Kabul, Sept 26: A new Afghan government committee investigating prison conditions should focus on meaningful reforms to end torture and other pervasive abuses, Human Rights Watch said Thursday.
On Sep 8, President Hamid Karzai created a committee to study the general conditions of prisons and detention centres.
The panel was also tasked with studying the condition and situation of prisoners and detainees and submit findings and recommendations in three months.
Afghan detention centres and prisons are rife with serious abuse, including torture, medically invalid "virginity examination" of women, and holding detainees past their release date, Human Rights Watch said.
The problems are so pervasive that the committee will need to set priorities and focus on the key issues, it said.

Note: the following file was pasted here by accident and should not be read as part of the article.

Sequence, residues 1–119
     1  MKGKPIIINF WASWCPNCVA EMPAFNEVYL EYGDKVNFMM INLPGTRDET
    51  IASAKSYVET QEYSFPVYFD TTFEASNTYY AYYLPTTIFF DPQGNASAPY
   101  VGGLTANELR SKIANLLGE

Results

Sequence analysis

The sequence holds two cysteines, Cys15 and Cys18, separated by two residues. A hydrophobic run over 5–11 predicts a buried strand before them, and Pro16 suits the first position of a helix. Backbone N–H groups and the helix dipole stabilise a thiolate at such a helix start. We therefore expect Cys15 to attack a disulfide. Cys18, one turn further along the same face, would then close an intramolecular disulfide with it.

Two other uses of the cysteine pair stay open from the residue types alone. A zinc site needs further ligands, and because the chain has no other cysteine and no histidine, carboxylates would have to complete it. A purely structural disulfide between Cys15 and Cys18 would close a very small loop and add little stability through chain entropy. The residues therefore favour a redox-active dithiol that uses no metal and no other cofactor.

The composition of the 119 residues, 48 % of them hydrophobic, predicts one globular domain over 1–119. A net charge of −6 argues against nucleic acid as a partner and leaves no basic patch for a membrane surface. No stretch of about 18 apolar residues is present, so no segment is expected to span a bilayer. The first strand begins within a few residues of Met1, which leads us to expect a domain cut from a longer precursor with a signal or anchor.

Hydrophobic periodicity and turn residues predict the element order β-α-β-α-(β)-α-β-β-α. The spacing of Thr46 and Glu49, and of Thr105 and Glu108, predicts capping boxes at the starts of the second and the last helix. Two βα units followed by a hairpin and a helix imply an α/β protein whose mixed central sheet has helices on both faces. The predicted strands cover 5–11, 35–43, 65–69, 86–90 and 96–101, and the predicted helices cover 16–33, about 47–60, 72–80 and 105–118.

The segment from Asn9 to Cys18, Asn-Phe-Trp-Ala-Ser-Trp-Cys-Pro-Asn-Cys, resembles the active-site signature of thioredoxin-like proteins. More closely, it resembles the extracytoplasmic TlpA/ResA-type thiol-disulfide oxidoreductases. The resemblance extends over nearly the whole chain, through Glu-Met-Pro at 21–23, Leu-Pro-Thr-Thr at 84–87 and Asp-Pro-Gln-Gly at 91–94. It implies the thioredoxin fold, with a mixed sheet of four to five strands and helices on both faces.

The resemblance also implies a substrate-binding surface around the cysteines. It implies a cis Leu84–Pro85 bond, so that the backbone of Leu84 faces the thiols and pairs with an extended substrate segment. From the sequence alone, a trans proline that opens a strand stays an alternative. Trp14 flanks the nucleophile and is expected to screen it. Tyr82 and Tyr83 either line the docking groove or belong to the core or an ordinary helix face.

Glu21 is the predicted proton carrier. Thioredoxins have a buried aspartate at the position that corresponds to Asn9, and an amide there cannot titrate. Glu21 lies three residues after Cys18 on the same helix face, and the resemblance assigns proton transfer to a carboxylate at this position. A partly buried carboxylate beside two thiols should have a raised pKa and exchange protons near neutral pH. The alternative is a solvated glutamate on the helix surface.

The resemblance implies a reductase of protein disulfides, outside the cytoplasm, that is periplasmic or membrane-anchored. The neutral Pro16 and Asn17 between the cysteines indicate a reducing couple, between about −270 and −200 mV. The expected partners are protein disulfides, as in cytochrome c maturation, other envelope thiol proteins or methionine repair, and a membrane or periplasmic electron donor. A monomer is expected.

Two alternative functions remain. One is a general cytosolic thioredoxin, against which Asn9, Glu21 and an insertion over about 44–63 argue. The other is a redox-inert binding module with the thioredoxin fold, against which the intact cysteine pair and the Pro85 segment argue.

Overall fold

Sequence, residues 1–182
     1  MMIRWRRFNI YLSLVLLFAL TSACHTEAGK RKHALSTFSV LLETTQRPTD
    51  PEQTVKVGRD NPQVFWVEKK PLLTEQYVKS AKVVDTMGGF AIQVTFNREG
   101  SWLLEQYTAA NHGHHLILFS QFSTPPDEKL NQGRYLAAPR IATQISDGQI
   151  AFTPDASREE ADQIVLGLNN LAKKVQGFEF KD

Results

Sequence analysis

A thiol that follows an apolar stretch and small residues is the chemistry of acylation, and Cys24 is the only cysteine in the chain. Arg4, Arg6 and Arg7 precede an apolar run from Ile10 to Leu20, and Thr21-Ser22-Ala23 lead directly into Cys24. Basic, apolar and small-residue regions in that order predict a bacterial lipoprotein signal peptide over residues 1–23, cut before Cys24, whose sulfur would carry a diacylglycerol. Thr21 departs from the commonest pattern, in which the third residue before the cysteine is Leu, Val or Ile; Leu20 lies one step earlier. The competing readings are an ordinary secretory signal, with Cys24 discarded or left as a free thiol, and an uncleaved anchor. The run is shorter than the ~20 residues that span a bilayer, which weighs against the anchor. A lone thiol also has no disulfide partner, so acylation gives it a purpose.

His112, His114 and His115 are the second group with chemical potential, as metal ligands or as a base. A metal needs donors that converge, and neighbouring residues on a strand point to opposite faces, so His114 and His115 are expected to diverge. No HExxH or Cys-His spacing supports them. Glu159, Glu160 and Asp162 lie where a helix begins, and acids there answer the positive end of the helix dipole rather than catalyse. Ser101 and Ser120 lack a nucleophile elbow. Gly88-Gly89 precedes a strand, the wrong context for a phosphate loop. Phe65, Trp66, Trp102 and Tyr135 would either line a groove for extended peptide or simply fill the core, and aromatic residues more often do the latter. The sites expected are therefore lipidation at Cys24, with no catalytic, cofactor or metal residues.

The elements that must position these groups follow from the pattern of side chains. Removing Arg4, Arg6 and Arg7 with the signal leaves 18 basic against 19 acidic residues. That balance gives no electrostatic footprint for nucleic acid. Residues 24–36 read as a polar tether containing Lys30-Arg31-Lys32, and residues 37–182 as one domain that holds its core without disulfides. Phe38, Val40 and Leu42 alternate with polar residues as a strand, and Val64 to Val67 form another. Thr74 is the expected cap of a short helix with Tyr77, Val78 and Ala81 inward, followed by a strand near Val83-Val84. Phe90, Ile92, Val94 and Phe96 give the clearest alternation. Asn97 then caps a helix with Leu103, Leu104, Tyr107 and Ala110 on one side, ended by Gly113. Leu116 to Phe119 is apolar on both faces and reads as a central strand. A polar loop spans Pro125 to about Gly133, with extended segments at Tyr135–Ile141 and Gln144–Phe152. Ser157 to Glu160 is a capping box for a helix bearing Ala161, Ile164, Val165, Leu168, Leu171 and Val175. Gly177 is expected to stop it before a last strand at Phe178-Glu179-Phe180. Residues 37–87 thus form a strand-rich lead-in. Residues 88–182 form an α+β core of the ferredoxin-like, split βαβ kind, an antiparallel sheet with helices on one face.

"Karzai's new committee could be an important step for addressing the horrific abuses in Afghanistan's prisons," said Brad Adams at Human Rights Watch.
"But the committee will need not only to shine the light on the abuses going on behind Afghanistan's prison doors but to come up with ways to fix the system."
A UN report released in January found that more than half of 635 pre-trial detainees and prisoners convicted on national security grounds had been tortured or ill-treated in Afghan government custody.
Detainees told the UN investigators that torture was typically used to try to elicit confessions.
Fourteen forms of torture were reported, including suspension from ceilings, prolonged and severe beating, including on the soles of the feet, twisting genitals of male detainees, electric shock, prolonged standing or forced exercise, prolonged exposure to cold weather, and threats of execution and rape.
In addition to torture, the committee should investigate and produce recommendations to address other abuses common in prisons and detention facilities in Afghanistan, Human Rights Watch said.